Bitcoin Foundation Holds $4 Million in Bitcoin, Spends $150k Each Month
Bitcoin Foundation discusses its expanding operations and past controversies at its annual members meeting.
The Bitcoin Foundation has released its annual Members Meeting Transcript, a 22-page document that provides a broad overview of the non-profit's recent initiatives as well as its future plans for promoting bitcoin around the globe.
Perhaps most notably, the Bitcoin Foundation revealed new details about its finances, with Executive Director Jon Matonis indicating the company is now spending $150,000 per month on its operations, or roughly $1.8m per year.
Matonis went on to note that the foundation has $4.6m equivalent in assets, and that 90% of its assets are in bitcoin. However, he suggested at the height of bitcoin's price increase, the foundation had accumulated roughly $7m in assets.
The Executive Director said that the foundation is likely to pursue plans to continue to improve how it uses the funds it earns from individual members, corporate members and anonymous donations, stating:
At present, Matonis said the foundation is not cashflow positive, and that it is borrowing about 40% from its endowment each month.
The board discussed its progress on one of its main initiatives for 2014, spreading awareness for bitcoin abroad through the addition of affiliate programmes, which most recently included new chapters in Mexico, Germany and the Netherlands.
Matonis indicated that the foundation is currently aiming to grow to 18 affiliate programmes by the end of the year, noting that the approach provides the organisation with a low-cost way to expand its footprint.
Overall, Matonis suggested the foundation and its members may adopt a more active approach that targets key global markets, stating:
He reiterated that these local chapters need not change their rules or by-laws to join the programme and that all appointments are subject to a two-year agreement that either party can terminate.
Addressing the need for more favourable bitcoin regulation, board members suggested that the foundation may see this as more of a long-term goal.
For example, Matonis noted the lawmakers must be first educated about bitcoin and its potential benefits before tackling any policy issues. This isn't to say that the foundation doesn't intend to expand its efforts to increase awareness of bitcoin among global lawmakers, he said.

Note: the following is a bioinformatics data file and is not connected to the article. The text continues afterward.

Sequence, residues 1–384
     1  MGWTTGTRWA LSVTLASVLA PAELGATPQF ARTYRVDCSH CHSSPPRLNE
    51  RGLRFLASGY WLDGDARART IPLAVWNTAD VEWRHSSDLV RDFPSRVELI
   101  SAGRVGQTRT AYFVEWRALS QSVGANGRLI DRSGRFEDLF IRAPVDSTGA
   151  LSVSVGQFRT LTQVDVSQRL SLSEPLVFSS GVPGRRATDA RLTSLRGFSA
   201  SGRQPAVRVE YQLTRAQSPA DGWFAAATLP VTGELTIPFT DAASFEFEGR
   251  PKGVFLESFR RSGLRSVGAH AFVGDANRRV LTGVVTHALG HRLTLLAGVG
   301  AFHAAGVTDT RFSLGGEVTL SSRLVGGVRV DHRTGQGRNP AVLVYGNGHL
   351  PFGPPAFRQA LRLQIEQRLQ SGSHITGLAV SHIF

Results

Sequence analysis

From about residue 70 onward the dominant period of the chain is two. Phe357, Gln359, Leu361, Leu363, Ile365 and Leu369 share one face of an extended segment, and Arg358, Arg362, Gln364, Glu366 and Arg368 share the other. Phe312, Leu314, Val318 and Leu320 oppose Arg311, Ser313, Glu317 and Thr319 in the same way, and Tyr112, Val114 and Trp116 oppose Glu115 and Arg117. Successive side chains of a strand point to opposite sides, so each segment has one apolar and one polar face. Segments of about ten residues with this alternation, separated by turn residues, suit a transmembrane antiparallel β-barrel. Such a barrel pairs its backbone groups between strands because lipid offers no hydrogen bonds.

Matonis continued, saying that the foundation is currently in the process of taking what it learned from dealing with regulators in the US and replicating it in key jurisdictions:
In regards to criticisms about the board members' own interactions with the community, the foundation noted that it would like to see a greater use of its online community forum, which is currently only used by roughly 10% to 15% of its membership.
Further, Matonis said the foundation is taking steps to ensure the community that does use this channel has its concerns addressed in a timely fashion, stating:
Future for conference series
The foundation revealed that it is not currently earning proceeds from its annual conference, the most recently of which – Bitcoin2014 – took place in Amsterdam last weekend.
Matonis suggested that the foundation is exploring the idea of licensing out future conferences, but that it would seek member input on such decisions.
Board member controversies
Matonis also discussed the controversial resignations of former board members Charlie Shrem and Mt. Gox CEO Mark Karpeles, stating that the board was fortunate that both members resigned voluntarily:
Board members also briefly answered a member question relating to the recent appointment of venture capitalist Brock Pierce, with unidentified one board member stating:
Bitcoin image via Shutterstock
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